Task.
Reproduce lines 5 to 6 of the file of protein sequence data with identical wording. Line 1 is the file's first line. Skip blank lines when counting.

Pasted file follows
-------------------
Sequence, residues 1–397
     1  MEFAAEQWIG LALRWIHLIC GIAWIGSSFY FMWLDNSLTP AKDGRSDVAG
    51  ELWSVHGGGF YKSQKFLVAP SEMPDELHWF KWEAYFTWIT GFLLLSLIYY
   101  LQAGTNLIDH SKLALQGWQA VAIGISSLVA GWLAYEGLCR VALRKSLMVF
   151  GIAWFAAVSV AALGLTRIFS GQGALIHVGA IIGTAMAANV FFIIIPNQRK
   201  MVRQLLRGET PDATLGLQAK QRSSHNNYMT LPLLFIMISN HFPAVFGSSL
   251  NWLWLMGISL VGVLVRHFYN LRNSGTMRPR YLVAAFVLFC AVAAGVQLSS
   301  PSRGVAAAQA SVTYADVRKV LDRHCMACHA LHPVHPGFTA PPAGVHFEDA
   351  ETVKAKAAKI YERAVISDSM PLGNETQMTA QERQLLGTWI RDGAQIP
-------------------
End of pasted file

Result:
   151  GIAWFAAVSV AALGLTRIFS GQGALIHVGA IIGTAMAANV FFIIIPNQRK
   201  MVRQLLRGET PDATLGLQAK QRSSHNNYMT LPLLFIMISN HFPAVFGSSL